New York's Next Mayor Tries New Tactic To Get Feedback
MELISSA BLOCK, HOST:
New Yorkers have a new way to deliver messages to their newly elected mayor, Bill de Blasio. It's a tent, a huge, translucent one on Canal Street called The Talking Transition Tent. More than 11,000 people have wandered through it so far, and it's become a kind of 21st-century soapbox, as NPR's Margot Adler reports.
MARGOT ADLER, BYLINE: In front of the tent is a huge, illuminated arrow that changes colors, and the word talk is spelled out in large, black milk crates with sparkling lights. Inside there are almost 50 iPad terminals where you can rate your neighborhood in regard to education, jobs, policing and more. Cindy Dee(ph) has come by almost every day. Her issue...
CINDY DEE: Education. It's my biggest priority.
ADLER: You're a teacher?
DEE: Yes, so I'm very interested in the new policies for education.
ADLER: She's waiting to listen to a discussion on education, but right now in one of the tent's rooms there's a lively conversation about city parks. In front of about 60 people, a councilman, Daniel Squadron, is having a feisty debate over a bill with a parks' advocate.
COUNCILMAN DANIEL SQUADRON: It is not extraordinarily well-funded.
UNIDENTIFIED WOMAN: But it has not made this a major part of its mission at all...
ADLER: There are sticky notes on every wall and table where people write their concerns, and there's a hanging thought bubble, which says what's your idea for New York City, and you can stand under the thought bubble, in front of a microphone and create a video about your idea.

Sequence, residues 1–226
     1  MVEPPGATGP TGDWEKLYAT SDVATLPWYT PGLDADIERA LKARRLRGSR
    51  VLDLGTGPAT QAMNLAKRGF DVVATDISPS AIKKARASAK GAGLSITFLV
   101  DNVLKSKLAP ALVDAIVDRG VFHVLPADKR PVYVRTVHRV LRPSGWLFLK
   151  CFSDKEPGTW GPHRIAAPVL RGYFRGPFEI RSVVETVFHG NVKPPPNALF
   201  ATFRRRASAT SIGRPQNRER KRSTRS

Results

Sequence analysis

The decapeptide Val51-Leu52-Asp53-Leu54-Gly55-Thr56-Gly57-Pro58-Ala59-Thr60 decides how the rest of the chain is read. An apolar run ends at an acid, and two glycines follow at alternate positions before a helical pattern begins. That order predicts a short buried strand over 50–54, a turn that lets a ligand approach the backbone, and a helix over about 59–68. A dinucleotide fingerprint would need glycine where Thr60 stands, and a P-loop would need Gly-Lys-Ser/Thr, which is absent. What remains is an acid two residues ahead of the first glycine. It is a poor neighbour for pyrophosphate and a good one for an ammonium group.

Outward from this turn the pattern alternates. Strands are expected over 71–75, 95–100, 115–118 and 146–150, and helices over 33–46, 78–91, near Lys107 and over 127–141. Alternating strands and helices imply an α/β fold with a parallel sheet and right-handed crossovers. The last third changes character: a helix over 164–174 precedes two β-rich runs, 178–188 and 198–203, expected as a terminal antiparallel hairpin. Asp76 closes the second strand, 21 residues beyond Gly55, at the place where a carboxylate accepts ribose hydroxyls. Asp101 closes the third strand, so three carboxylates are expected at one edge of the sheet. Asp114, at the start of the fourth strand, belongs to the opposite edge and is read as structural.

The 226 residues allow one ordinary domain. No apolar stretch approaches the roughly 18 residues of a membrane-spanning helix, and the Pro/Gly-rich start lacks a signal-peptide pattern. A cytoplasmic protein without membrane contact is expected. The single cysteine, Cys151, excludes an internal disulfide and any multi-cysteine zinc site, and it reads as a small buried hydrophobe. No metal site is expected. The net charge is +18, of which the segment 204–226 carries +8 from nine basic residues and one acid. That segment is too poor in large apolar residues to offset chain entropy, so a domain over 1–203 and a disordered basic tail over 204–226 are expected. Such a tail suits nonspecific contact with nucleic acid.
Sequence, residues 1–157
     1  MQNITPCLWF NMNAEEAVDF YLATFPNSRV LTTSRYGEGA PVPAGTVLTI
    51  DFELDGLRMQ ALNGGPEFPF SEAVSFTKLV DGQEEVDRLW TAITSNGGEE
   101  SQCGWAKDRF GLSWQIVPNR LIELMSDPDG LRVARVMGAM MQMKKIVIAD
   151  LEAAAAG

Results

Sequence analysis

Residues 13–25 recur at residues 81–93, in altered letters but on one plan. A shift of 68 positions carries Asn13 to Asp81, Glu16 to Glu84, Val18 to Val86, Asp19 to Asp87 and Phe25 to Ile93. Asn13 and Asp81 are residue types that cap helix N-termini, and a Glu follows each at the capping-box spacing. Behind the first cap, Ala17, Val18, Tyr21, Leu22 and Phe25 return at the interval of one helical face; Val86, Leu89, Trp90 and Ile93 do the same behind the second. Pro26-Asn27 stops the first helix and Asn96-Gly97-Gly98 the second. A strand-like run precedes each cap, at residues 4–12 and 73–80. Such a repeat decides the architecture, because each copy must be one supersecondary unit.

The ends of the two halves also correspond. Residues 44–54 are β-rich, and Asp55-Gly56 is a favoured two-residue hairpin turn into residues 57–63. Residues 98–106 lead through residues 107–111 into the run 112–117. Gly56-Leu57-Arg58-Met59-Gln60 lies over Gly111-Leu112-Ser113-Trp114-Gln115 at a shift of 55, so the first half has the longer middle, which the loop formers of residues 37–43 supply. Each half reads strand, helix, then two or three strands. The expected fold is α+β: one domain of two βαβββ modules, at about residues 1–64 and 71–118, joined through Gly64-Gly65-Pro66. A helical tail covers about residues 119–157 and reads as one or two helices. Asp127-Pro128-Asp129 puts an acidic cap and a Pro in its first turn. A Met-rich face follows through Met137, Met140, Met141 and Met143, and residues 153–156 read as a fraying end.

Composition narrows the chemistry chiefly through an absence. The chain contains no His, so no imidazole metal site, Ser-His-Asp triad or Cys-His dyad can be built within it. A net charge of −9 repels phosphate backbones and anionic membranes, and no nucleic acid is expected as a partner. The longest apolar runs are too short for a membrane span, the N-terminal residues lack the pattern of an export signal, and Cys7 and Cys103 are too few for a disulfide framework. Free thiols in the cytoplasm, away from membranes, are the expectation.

ANDREA SLESSINGER: The room is littered with stickers.
ADLER: Andrea Slessinger(ph) works for Soros' Open Society Foundations, one of the 10 foundations supporting this two-week venture. She gives me a tour.
SLESSINGER: We've had performances. We've had panel discussions. We've had people doing teach-in style things. We've got people sitting around tables and doing participatory budgeting exercises.
ADLER: There's a room where you can buy coffee, food. There's even music.
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ADLER: Anna Mokler(ph) is from Brooklyn and teaches in a community college.
ANNA MOKLER: To talk is the beginning of everything.
ADLER: Her priority for the mayor: reducing inequality.
MOKLER: The gap between the rich and the poor in New York City, oh my heavenly mergatroid...
ADLER: Slessinger says all these sticky notes, videos, computer entries will be collected and looked at by the new mayor and everyone involved. I asked Toby Bergman(ph), a middle-age guy who wandered in, do you think this all adds up to anything?
TOBY BERGMAN: As I walked by, there seemed to be a lot of energized people.
ADLER: And there were, even groups of school kids passing through. Margot Adler, NPR News, New York.
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